As you read the account of “The Fall” in Genesis 3, watch for the exchanges that are taking place in the conversation between the Serpent, Eve, Adam, and God. You will notice that there are a lot of questions being asked, a lot of answers being given, and several being held accountable for their actions.
As we read this account of the Fall, do we see a lot of “active listening” going on? The Serpent was listening for Eve’s response to his line of questioning, Eve was listening to Serpent. Adam was listening to Eve. Adam and Eve were listening for the sound of God moving in the Garden. And God was listening to the justification arguments offered by both Adam and Eve.
As I’ve been contemplating this passage of Scripture over the last couple of months and its application in the ministries of our church, I think I finally narrowed down this passage to “listening is such a fine art”. I’m not sure if you realize it or not, but sometimes your ministry is more about listening than doing, planning, or executing. You get to listen to the good, bad, and ugly from volunteers, parents, church members, elders, board members, and pastoral staff members. And sometimes the children themselves feel free to express their displeasure or excitement about what is happening or not happening in the ministry.
In one of the textbooks, we use in the course, Managing Change and Conflict, “Crucial Conversations” the author Patterson (2011) reminds us that, “When stakes are high, opinions vary, and emotions run strong, you have three choices: Avoid a crucial conversation and suffer the consequences; handle the conversation poorly and suffer the consequences; or apply the lessons and strategies of Crucial Conversations and improve relationships and results.”
As we read the Genesis 3 account, we see “where the stakes are high, opinions vary, and emotions run strong.” We see and can imagine that when God showed up, the Serpent probably wanted to slither away and avoid the conversation and certainly didn’t want to be held accountable for the conversation he just had with Eve. We see where Adam and Eve initiated and started the first ever “blame game” and didn’t handle the conversation very well with each other or their Creator. And then we see where God helped them all see the results of not listening and following instructions. You will notice this same strategy being played out today in our world: avoidance, poor choices, consequences, and failure to apply.
How can you learn to listen to the naysayers or negative people? That’s just it, you simply listen. Listen with your ears, and with your arms uncrossed, give them your full attention. Look at them, smile, and listen for those things you can agree with. Encourage them and thank them for their concerns, viewpoints, and opinions.
Before you engage in the crucial conversations, take time to read Colossians 4:6, “Let your conversation be always full of grace, seasoned with salt, so that you may know how to answer everyone” (NIV). You may have to revisit that passage after the crucial conversation. It’s not about winning an argument! It’s about encouraging, helping, and listening to someone who may have never had anyone who has taken the time to listen to them or value their thoughts or viewpoints. Someone may never have engaged with them who didn’t get caught up in the blame game. Satan is always going to show up and use people, situations, and circumstances to discourage, and he is your enemy. “Your enemy the devil prowls around like a roaring lion looking for someone to devour.” (1 Peter 5:8, NIV). You can beat Satan at his game by becoming and being a listener.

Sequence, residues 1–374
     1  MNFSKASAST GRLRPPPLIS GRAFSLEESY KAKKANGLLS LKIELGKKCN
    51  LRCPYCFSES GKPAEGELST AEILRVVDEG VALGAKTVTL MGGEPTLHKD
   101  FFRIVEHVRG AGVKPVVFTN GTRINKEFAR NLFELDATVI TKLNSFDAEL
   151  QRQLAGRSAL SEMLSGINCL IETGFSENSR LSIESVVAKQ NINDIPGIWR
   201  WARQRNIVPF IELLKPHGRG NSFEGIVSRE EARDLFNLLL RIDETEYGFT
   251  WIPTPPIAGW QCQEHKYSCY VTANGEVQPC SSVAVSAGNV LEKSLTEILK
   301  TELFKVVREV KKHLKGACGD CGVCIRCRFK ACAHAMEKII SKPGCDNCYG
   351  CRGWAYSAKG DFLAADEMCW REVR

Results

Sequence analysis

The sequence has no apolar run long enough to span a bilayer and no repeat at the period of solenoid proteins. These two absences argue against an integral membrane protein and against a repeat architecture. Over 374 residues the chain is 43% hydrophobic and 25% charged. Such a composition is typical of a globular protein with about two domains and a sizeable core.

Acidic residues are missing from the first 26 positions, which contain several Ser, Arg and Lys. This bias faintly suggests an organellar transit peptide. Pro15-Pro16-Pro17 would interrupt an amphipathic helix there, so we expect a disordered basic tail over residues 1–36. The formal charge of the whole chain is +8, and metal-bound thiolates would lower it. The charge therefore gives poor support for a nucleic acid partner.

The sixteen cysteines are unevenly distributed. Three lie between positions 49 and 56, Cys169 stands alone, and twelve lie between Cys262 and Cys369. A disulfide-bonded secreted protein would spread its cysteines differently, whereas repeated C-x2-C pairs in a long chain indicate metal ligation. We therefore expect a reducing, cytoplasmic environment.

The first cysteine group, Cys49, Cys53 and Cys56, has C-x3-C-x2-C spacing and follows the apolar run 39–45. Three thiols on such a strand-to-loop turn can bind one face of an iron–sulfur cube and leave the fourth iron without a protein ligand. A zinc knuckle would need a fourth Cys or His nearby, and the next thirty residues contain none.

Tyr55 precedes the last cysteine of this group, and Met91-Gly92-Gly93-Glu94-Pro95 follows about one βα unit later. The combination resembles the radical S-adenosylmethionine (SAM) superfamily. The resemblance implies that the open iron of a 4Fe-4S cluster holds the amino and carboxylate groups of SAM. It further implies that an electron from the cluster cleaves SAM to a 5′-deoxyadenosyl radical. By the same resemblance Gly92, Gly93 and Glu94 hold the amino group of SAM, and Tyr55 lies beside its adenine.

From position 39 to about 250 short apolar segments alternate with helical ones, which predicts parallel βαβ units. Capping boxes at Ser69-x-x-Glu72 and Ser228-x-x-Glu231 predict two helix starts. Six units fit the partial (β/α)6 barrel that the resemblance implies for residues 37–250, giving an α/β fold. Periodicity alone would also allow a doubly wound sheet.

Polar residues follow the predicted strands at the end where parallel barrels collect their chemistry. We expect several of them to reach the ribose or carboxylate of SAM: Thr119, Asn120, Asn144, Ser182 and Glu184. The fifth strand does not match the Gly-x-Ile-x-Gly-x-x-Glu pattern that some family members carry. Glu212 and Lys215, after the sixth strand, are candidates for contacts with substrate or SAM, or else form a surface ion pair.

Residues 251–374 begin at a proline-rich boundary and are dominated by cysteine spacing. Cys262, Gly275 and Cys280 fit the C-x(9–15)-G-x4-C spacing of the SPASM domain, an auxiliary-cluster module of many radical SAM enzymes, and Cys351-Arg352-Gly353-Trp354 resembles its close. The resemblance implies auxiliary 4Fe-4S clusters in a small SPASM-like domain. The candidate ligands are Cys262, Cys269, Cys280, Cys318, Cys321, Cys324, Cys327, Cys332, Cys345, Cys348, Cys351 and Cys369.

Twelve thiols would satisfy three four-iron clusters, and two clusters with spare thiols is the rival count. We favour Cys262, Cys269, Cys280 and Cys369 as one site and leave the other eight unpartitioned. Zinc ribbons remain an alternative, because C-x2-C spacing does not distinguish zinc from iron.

How can you learn to listen to those who give excuses for wrong behavior and play the blame game? You simply listen and look for opportunities to help and encourage them to learn to take responsibility. “Therefore encourage one another and build each other up, just as in fact you are doing” (1 Thessalonians 5:11, NIV). We see in the book of Daniel, where he had to have a crucial conversation with King Nebuchadnezzar about his continual wickedness and behavior towards others. “Therefore, Your Majesty, be pleased to accept my advice: Renounce your sins by doing what is right, and your wickedness by being kind to the oppressed. It may be that then your prosperity will continue” (Daniel 4:27, NIV). It took a lot of courage for Daniel to have this needed conversation with the King.
You will find yourself having to have this same type of conversation with people in and outside of your ministry. You have a relationship with them because they are involved in your ministry, their kids attend your ministry, they support your ministry, or you work alongside them in ministry. You’ve earned the right to speak into their lives: To encourage, to challenge, and to help them become better people for the Kingdom.
Is it easy to have crucial conversations? No. Are there going to be times of misunderstanding, hurt feelings, and the need to hold people accountable? Yes. It’s not like we’re trying to be the type of leader who is carrying a big stick because we’ve been called to take care of business.
Instead, we’re trying to be a leader who says, “I’m here for your success and not your failure.” Your ministry co-workers who are really listening will understand the feedback, the honesty, the straightforwardness, and the accountability. As we often say in the Management and Conflict course, “Conflict is going to happen, it’s not about avoiding conflict, it’s about how you manage it.”
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